I spent much of the two-hour run time for the new movie “Spotlight” with tears in my eyes, and sometimes, anger in my heart.
Spotlight is what I used to call a “journalist hero” movie, the true story (with Hollywood gussing-up, of course) of the Boston Globe journalists who doggedly pursued the monstrous truth that the Roman Catholic Archdiocese of Boston (and ultimately, the church around the world), callously sought to cover up the fact that it knew about, and ran interference for, scores of priests who molested boys and girls in their parishes.
First, the anger. I couldn’t help but flash back to the men who, for whatever reason, looked me in the eye and told me I was exaggerating, perhaps even lying, when I reported that my scoutmaster was molesting kids in our troop. They told my parents they’d “keep an eye” on the scoutmaster, but dismissed my concerns and did nothing. The last time I saw the scoutmaster he was sitting outside of one of those men’s office and he said, very matter-of-factly, “I’m going to kill you for this.”
I learned many years later that I wasn’t the first who had come to the troop leaders with such information. I consider them culpable in the continued molestation of scouts over the next year, until the man was arrested, tried, and convicted (he was paroled after five years, but reoffended and will remain incarcerated in Colorado until 2035).
But it was sadness, not anger, that I mostly felt while watching this story of old-school journalists fighting the good fight, even as newspapers were beginning to crumble in the internet era.
There is a brief, pivotal — and deliberate — scene in the movie, when a reporter parks in an almost empty employee lot at the Globe beneath a looming billboard pitching AOL. Video killed the radio star, and the internet age has all but destroyed the Fourth Estate.
I was drawn to journalism at Boulder High School in 1978, in the wake of Watergate. Journalists might be scruffy and crude, poorly paid and hated by the powerful, but they could do heroic work. I watched movies like “The Killing Fields,” “All the President’s Men” and “The Year of Living Dangerously,” eager to do my part to set some of the world’s wrongs right.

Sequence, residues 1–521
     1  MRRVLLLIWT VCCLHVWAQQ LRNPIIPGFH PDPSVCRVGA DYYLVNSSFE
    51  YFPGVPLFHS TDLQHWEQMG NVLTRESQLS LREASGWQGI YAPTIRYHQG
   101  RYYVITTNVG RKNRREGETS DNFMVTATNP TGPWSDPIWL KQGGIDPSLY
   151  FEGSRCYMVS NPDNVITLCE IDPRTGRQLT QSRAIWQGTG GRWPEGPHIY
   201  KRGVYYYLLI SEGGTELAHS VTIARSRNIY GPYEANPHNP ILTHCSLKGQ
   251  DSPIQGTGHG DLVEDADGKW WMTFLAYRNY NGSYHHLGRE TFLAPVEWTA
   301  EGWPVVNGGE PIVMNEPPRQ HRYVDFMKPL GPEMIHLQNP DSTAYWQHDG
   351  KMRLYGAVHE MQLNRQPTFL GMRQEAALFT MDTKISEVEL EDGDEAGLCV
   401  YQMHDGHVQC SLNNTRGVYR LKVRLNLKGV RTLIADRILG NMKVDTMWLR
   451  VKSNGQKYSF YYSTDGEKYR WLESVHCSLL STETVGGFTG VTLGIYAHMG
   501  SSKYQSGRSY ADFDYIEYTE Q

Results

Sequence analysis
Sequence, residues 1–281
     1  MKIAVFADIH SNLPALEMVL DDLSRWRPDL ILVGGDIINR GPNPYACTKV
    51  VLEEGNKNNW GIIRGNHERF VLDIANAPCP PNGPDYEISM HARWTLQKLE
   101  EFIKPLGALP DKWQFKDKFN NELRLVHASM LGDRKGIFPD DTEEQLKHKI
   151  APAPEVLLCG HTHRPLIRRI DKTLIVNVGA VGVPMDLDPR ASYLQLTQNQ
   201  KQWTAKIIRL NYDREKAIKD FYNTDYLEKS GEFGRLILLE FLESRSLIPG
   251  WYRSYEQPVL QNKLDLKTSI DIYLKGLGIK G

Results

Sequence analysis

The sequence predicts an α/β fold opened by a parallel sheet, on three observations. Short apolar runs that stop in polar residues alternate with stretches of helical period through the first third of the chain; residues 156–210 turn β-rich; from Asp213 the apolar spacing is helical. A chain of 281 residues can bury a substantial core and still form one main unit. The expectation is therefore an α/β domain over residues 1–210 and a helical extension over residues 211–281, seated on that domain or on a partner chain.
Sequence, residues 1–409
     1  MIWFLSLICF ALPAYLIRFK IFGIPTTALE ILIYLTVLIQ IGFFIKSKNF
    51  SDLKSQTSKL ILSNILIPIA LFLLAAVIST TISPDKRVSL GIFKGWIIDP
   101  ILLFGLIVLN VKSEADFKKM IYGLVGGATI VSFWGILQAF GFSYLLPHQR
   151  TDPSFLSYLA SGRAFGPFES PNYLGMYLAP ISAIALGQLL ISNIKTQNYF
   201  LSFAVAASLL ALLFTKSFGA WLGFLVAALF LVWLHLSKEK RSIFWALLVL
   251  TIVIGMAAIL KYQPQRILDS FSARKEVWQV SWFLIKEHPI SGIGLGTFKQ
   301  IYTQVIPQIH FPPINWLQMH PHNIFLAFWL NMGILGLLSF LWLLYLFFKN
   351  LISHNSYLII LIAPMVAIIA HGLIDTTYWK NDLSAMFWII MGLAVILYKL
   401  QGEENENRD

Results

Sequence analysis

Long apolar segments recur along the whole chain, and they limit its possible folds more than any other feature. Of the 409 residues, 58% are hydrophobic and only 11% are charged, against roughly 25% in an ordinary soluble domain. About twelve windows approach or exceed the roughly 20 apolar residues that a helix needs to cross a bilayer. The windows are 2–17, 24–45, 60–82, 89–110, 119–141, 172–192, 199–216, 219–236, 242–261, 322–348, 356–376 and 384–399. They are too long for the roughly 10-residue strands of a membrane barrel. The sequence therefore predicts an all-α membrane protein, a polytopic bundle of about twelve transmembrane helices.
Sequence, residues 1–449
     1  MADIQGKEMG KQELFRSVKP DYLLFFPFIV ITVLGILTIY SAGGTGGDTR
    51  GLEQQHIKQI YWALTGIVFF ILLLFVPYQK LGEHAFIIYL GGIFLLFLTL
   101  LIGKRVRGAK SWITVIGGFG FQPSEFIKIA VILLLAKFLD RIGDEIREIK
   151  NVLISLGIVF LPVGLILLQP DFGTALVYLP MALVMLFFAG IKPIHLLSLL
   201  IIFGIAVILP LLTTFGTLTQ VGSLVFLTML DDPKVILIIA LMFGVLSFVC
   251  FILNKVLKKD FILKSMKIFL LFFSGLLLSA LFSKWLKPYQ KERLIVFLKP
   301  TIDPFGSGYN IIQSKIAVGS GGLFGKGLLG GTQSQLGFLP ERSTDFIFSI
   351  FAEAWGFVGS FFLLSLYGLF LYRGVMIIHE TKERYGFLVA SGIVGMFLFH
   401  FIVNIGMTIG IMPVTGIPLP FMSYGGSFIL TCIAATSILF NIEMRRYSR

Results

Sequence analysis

In my quarter-century career, I got that chance from time to time (though never on the scale of “Spotlight”), when I poured every ounce of effort in my being into investigating stories where someone was being hurt.
But those days are, for the most part, long gone. “Spotlight” subtly hints at the coming disaster, when a new editor arrives and everyone at the Globe is resigned to a new round of cuts.
Journalism was never perfect. But today, everyone has their own set of “facts” and politicians no longer have to worry that their misdeeds and lies will be exposed. They knowingly spout falsehoods, confident that few reporters will bother to check them out (and if they do, an ever-shrinking number of people will ever read the truth). Instead, readers — I use the word in only the loosest sense — ping from tasty social-media memes to echo-chamber websites, happily accepting and propagating total bullshit simply because it suits their pre-determined beliefs and their chosen “team.”
I loved that powerful politicians thought I was a slob and a no-account. But I was reporting on some of former U.S. Rep. Gary Condit’s — the California Democrat who got mixed up in the ugly murder of his illicit young lover — foibles during his first election … as an intern. (The night he won, he came up to me and asked if I were an intern. I said I was, and he was incredibly insulted that my paper would assign a lowly worm to his race.)
You’ll often hear people, on both the left and the right, claim that journalists have an “agenda.” Mostly, in my career, the only agenda was pursuing a good story and getting as close to the truth as possible, using facts. I know it’s more fun to think of conspiracies, but as one colleague once said, “For Christ’s sake, we couldn’t conspire to push a Volkswagen with a dead battery to the side of the highway!”
I’ve always said Americans will miss the journalists they love to hate when they’re gone. I now think that’s wrong. We’re all too distracted and invested in our respective beliefs; these days, most readers would find the “Spotlight” team’s 600 Pulitzer Prize-winning stories tl;dr.
I highly recommend “Spotlight.” I don’t expect we’ll ever return to an era where Americans actually wanted to know the truth — the actual, documented truth — but this story is a great reminder of the power of journalism.